Acknowledged in 1943 as a “garden of historical and artistic interest”, this covers a total of 3.5 hectares. Its merit resides largely in its physical characteristics, the preservation of its original design, and the collection of subtropical fauna to which it is home. Located on the side of a hill, its landscaped layout comprises a series of waterfalls, streams, fountains, flights of steps, greenhouses, large trees and centuries-old palms, the latter constituting one of the finest collections in Europe.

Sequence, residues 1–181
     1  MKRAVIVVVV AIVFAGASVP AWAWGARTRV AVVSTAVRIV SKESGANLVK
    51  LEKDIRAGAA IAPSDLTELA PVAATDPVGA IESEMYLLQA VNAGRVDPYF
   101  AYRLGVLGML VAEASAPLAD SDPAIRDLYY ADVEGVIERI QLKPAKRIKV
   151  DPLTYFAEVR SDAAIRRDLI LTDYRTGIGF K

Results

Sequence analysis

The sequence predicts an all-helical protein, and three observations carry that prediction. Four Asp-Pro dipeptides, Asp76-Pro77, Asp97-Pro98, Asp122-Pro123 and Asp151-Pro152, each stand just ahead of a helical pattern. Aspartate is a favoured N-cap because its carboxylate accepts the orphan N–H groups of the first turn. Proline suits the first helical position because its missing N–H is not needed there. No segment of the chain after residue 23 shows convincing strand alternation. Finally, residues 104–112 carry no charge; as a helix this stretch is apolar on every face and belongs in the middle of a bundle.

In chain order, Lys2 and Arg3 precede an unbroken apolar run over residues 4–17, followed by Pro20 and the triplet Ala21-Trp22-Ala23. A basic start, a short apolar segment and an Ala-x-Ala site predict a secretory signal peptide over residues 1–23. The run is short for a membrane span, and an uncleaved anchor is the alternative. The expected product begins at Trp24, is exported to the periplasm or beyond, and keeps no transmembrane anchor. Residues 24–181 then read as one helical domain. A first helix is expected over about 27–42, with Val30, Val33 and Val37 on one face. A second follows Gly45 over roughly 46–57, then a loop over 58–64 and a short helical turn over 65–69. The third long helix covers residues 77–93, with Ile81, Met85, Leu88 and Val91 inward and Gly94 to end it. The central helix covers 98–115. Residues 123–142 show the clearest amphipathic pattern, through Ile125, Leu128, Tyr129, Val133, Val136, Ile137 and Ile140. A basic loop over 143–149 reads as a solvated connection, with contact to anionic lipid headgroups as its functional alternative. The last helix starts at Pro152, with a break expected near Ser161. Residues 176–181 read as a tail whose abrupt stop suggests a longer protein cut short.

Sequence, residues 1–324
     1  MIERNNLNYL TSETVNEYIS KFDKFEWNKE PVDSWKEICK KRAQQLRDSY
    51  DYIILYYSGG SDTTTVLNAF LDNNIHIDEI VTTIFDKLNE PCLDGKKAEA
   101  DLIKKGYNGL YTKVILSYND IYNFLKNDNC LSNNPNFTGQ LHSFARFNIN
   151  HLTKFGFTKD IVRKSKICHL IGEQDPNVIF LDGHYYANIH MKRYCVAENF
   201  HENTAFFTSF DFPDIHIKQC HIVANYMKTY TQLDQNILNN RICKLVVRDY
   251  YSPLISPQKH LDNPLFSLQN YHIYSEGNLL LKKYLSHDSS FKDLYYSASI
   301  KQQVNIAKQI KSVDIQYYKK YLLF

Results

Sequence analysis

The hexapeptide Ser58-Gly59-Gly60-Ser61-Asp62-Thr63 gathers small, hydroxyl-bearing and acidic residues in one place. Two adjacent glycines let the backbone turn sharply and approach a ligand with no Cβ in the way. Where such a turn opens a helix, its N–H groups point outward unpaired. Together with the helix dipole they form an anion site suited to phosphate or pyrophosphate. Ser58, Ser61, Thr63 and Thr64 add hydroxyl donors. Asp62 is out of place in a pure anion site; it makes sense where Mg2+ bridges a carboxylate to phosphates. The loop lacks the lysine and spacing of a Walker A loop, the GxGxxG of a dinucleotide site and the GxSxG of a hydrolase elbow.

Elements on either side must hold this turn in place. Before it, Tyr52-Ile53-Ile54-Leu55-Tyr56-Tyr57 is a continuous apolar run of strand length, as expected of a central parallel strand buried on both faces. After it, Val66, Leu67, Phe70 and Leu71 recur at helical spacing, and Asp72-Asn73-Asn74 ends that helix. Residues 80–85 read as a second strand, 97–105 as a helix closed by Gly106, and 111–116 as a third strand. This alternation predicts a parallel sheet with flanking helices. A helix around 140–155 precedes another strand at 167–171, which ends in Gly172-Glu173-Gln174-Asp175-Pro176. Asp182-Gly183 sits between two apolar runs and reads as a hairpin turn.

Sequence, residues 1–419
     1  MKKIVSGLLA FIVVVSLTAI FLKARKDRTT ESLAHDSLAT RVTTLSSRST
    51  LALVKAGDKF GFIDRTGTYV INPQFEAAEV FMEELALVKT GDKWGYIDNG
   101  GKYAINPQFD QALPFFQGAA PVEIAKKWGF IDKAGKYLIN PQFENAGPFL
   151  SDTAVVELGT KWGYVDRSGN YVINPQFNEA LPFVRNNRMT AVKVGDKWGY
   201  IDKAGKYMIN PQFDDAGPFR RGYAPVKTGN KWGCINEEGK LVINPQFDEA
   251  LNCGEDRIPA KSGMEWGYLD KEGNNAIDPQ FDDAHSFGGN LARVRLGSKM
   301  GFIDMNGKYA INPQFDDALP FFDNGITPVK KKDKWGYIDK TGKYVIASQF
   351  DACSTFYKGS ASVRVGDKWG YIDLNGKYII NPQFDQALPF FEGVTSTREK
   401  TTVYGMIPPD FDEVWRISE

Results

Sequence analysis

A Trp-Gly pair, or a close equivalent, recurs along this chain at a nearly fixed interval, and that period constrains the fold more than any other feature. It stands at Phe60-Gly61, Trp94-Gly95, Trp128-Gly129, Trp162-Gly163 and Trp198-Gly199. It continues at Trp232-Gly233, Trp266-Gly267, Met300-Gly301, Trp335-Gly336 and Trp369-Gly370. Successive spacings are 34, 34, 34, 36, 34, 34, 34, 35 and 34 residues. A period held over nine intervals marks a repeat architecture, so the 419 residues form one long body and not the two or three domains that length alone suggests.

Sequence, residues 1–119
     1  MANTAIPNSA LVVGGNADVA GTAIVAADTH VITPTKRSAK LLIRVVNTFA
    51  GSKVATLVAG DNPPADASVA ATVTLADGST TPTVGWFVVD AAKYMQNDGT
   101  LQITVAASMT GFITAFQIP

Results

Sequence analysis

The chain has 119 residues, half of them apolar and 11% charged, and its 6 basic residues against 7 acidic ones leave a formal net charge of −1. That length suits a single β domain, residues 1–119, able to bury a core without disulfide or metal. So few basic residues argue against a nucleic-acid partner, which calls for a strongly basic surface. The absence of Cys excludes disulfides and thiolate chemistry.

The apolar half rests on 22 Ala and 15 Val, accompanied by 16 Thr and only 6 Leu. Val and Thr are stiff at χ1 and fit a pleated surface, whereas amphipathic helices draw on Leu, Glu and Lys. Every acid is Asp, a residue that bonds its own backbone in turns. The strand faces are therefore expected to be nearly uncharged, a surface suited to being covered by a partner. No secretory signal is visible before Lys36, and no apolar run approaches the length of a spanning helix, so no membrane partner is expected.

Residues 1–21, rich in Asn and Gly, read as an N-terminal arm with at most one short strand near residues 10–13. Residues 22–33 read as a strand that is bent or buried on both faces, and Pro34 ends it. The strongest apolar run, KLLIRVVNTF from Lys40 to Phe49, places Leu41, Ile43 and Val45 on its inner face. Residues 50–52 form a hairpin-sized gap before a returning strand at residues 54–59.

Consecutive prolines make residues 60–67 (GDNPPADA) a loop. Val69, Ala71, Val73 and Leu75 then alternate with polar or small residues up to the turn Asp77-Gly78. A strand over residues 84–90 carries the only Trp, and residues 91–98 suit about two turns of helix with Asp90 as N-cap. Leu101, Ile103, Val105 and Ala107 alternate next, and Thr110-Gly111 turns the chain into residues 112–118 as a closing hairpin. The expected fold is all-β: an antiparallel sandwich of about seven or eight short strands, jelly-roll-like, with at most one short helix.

Worthy of special note among the 3,000-plus species to be found here is the garden's enormous grove, which features a number of hundred-year-old specimens of ficuses (Ficus microcarpa and F. macrophylla), araucarias (Araucaria heterophylla and Araucaria bidwillii), casuarinas, magnolias, pines, cypresses and cedars. Other examples include cycas (Cycas revoluta and Cycas circinalis), giant birds of paradise (Strelitzia nicolai), bamboos (Phyllostachys nigra, Bambusa vulgaris, etc.), water lilies, and an unusual climbing vine (Wisteria sinensis) which covers an enormous 19th-century iron gazebo.